IMPACT

Homelessness In Los Angeles Jumped 11 Percent Last Year: Report

On a positive note, veteran homelessness fell by 30 percent.

Homelessness rose last year in L.A., further fueling concerns about the city’s growing crisis.

The number of homeless people in the city jumped 11 percent from 2015 to 2016, the Los Angeles Homeless Services Authority (LAHSA) announced on Wednesday.

The news comes eight months after officials declared a homeless “state of emergency” and just weeks after Mayor Eric Garcetti pledged $138 million to tackle the issue. 

“I've been predicting the problem was going to get worse before it got better,” City Councilman Mike Bonin told The Los Angeles Times. 

At the heart of the problem is a dearth in viable housing options.

This Friday, Feb. 27, 2015, photo shows a sign advertising a house for rent in Los Angeles. More than one-in-four renters mus
This Friday, Feb. 27, 2015, photo shows a sign advertising a house for rent in Los Angeles. More than one-in-four renters must devote at least half of their family income to housing and utilities, according to a new analysis of Census data by Enterprise Community Partners, a nonprofit that helps finance affordable housing. (AP Photo/Richard Vogel)

Metropolitan Los Angeles has less than a 3 percent housing vacancy rate. And the city needs about half a million units to shelter its poorest residents, the Los Angeles Times reported last year. 

Garcetti’s “bold” plan aims to address that very issue.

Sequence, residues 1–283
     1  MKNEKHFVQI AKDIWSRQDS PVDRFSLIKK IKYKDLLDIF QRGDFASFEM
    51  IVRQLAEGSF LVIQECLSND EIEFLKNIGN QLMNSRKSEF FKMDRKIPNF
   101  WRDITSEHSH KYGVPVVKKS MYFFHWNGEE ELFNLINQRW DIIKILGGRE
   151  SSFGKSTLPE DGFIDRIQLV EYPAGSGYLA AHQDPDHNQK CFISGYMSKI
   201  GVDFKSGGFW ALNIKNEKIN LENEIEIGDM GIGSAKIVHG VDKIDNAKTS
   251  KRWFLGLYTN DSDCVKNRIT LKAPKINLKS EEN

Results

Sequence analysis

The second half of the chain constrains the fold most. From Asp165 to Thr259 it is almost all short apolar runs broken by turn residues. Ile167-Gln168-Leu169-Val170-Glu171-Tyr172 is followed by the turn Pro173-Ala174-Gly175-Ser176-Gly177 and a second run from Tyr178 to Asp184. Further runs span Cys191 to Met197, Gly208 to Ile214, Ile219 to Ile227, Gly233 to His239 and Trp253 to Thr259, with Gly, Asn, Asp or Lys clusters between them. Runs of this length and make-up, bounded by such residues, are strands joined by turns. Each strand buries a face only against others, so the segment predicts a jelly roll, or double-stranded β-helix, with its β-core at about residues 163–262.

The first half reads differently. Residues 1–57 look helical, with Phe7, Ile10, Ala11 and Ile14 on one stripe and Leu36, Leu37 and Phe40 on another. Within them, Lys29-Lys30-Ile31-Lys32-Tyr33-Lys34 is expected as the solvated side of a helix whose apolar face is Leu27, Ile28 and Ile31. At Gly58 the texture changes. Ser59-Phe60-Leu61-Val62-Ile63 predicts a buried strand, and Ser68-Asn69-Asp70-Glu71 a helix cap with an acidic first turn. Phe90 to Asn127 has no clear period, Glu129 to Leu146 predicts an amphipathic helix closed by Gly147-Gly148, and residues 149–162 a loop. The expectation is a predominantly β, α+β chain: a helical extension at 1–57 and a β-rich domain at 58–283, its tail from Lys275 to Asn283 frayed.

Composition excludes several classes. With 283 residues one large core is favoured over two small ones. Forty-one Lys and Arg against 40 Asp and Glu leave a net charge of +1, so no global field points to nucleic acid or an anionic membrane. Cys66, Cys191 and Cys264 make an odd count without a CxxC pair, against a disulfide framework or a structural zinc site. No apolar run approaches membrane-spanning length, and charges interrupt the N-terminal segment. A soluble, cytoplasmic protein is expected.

The mayor’s proposed budget is more than quadruple the $34 million allocated for the current fiscal year. He said most of those funds will be used to build permanent, affordable housing for low-income communities.

But critics remain wary of exactly how the mayor will come up with the money to end the crisis that affects one third of the nation’s chronically homeless population.

The city has been working on identifying alternative funding sources.

In March, city council members proposed a number of measures that could bring in money for housing for homeless, which included taxing marijuana in order to raise the estimated $2 billion needed for the initiative. A 15 percent tax on pot sales and cultivation would bring in about $16.7 million annually. 

LOS ANGELES, CA - NOVEMBER 04, 2015 -- Charlie M. Lonon, left, with the VA Medical Center Long Beach hugs Melinda Estes, righ
LOS ANGELES, CA - NOVEMBER 04, 2015 -- Charlie M. Lonon, left, with the VA Medical Center Long Beach hugs Melinda Estes, right, with the VA Outreach as they set up to assist veterans attending the VA Homeless-to-Housed Veteran's Stand-down event Wednesday November 04, 2015 which started at 6:00 a.m. at the Veteran's Center in West Los Angeles and will continue through Thursday, November 05. The event is an attempt to gather vets and offer services on the VA campus. (Al Seib / Los Angeles Times via Getty Images)

While advocates remain concerned about the general homeless population, some specific demographics experienced notable declines this year.

Veteran homelessness fell by 30 percent this year and family homelessness dropped by 18 percent.

Experts say those figures speak to the effective results that come when government agencies and nonprofits work together.

“Homelessness responds to resources,” Peter Lynn, LAHSA executive director, said in a statement. “When we have systemically applied City, County and federal resources, we see results.”

 

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